Dimitris Pikionis was an extremely restless man looking for opportunities to promote art through its different faces, something that he always did in a unique way. 

By Mia Kollia

Translated by Alexandros Theodoropoulos

Visionary - As an architect, he always looked for the way in which a building was integrated into the landscape harmoniously and naturally, but also in accordance with humans and their needs.

Open-minded - As a teacher, he often taught his students in the courtyard of the School, so that the lesson would be more vivid and interesting. Other times, he urged them to hold the pencil with their left hand to make the drawing less perfect and more expressive.

Versatile – An architect, painter, philosopher, poet and academic professor, known mainly for the design and implementation of the paved path leading to the Parthenon and the green works around the Acropolis and the hill of Philopappos, Dimitris was a man who created some astonishing constructions. 

Groundbreaking - "What is exceptional about Pikionis is that at a time when building theories came to replace architecture, Pikionis reacted by wanting to present architecture as an art, without being ashamed of it like his contemporaries who thought it would be more classy to be called building theorists”, wrote Yannis Tsarouchis about the inspired architect who broadened the aesthetic horizons in Greece.  

Dimitris Pikionis was born in 1887 in Piraeus to parents from Chios. As a child he had an inclination to draw. In 1904 he enrolled in the Technical School and in 1906 he became the first student of painter Konstantinos Parthenis. During his studies he developed friendly relationships with Anastasio Orlando, Joseph Pestarini, Giorgio de Chirico, Dimitris Kampouroglou and Periklis Giannopoulos. 

In 1908, after graduating from the Technical School as a civil engineer and at the urging of Parthenis, Pikionis went to Munich to study painting. In 1909, he went to Paris, on the occasion of some of Paul Cézanne's works, and remained there until 1912. However, thinking that his finances wouldn’t help him on the journey he had taken, he spent the rest of his time in the French capital learning everything regarding architecture.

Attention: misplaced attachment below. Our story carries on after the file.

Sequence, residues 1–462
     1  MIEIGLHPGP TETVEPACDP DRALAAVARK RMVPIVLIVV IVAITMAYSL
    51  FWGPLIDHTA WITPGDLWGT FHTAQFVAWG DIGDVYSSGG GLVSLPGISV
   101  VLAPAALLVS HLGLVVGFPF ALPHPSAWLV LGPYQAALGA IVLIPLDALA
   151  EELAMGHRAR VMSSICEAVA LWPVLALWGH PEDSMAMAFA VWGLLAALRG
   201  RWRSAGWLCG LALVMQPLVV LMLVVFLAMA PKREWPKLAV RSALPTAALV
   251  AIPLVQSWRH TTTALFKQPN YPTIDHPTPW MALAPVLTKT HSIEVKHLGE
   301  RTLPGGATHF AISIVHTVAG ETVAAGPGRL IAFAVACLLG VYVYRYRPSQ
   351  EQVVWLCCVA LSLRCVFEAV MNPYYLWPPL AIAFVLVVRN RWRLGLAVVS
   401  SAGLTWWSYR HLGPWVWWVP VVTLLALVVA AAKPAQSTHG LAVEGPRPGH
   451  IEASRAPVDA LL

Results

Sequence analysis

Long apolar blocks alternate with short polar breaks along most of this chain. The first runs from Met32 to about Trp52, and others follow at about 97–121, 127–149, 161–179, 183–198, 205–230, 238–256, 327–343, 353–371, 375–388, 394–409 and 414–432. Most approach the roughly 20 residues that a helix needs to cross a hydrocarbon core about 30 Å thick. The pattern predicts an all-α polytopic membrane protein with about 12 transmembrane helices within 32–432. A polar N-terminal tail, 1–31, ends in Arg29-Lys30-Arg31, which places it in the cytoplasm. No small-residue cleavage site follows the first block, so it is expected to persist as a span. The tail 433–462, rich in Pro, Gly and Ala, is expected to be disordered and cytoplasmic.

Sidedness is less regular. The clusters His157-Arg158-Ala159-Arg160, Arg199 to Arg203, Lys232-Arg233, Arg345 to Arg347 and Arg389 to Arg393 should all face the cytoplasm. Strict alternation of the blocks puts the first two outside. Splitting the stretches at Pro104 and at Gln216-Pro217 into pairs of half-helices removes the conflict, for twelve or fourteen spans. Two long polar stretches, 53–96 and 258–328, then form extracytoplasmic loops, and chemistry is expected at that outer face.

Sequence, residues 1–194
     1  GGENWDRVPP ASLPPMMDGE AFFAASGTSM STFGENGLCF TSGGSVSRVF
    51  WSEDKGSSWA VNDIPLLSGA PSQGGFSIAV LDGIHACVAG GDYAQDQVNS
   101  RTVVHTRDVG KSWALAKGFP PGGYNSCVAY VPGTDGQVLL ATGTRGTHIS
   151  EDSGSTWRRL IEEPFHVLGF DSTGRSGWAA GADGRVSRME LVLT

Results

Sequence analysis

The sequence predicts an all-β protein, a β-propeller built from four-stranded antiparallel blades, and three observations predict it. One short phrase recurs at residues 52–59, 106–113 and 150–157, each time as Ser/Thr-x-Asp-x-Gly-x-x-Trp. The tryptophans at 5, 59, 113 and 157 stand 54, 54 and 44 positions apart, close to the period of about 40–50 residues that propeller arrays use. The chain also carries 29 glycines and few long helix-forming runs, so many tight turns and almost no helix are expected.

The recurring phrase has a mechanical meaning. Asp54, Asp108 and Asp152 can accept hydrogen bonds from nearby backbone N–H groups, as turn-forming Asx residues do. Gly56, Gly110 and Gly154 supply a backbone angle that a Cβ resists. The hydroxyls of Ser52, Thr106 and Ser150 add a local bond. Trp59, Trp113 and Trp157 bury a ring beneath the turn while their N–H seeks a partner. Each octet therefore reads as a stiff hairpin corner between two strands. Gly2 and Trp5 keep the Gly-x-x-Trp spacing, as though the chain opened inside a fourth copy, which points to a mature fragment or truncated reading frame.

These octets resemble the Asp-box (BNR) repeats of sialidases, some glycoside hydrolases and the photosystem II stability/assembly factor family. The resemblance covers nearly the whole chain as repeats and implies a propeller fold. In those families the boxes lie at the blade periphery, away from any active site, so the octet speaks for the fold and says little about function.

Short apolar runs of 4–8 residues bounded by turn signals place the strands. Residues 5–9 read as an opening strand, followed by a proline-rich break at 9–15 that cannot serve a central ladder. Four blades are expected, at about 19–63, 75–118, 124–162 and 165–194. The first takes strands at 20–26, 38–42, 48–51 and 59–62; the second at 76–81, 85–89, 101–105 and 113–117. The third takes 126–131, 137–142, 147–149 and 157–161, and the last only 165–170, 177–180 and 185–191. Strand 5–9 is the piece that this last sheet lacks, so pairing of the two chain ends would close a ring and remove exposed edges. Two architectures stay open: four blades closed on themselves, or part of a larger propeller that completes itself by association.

He returned to Greece and after his military service, he began to study the architecture of the Modern Greek tradition. In 1925 he became a temporary professor at the Department of Decoration of the Technical University of Athens. Five years later he became permanent and continued to teach until 1958. 


Pikionis built the first house (the house of Moraitou) in 1923 in Tzitzifies - a building with a style of Attic folk architecture - while in 1933 he built the Primary School in Pefkakia, Lycabettus. Its pure cubic structure intertwines with the pine-covered landscape, seeking functionality and the coupling of the shape by erasing the boundaries. 

However, at that time he realised that he wasn’t satisfied with his works and changed his aesthetic perceptions. He thought that the global spirit must be connected with the spirit of ethnicity. All his subsequent architectural works were based on this concept. The houses in Kypriadou, the house of Moraitis in Tzitzifies, the prefabricated tombs, the apartment building in Heyden, the "Xenia'' hotel of Delphi and the Forest Village in Pertouli, stand out among many others. 

Dimitris Pikionis' relationship with painting is reflected in many of his creations, such as the playground of Filothei (1961-64), where he employed great imagination to design a unique place for children. It is also one of his works that expresses the perception that all cultures have a common and eternal basis: everything is a different manifestation of the same. Perhaps it is no coincidence that he worked with so much love in this area. 

The landscaping of the Acropolis and the hill of Philopappos is considered to be his most significant masterpiece. In the form of a network of cobblestone paths, this configuration is groundbreaking and unique, precisely because it is above all modest and perfectly integrated into the landscape. 

Working with his students and local stonemasons, Dimitris Pikionis applied the technique of paving using leftover ruins from the reconstruction of the then developing capital. The works took place from 1954 to 1958 and Konstantinos Karamanlis, who was the then Minister of Public Works - but inaugurated it as Prime Minister – was visiting Dimitris Pikionis almost every day in his work, expecting not only to highlight Attica and the Acropolis in the most ideal way (Greece was then starting its large tourist openings), but at the same time not to affect the aesthetic history of the place.

On August 28, 1968, Pikionis died in Athens and the art world lost one of its greatest leaders.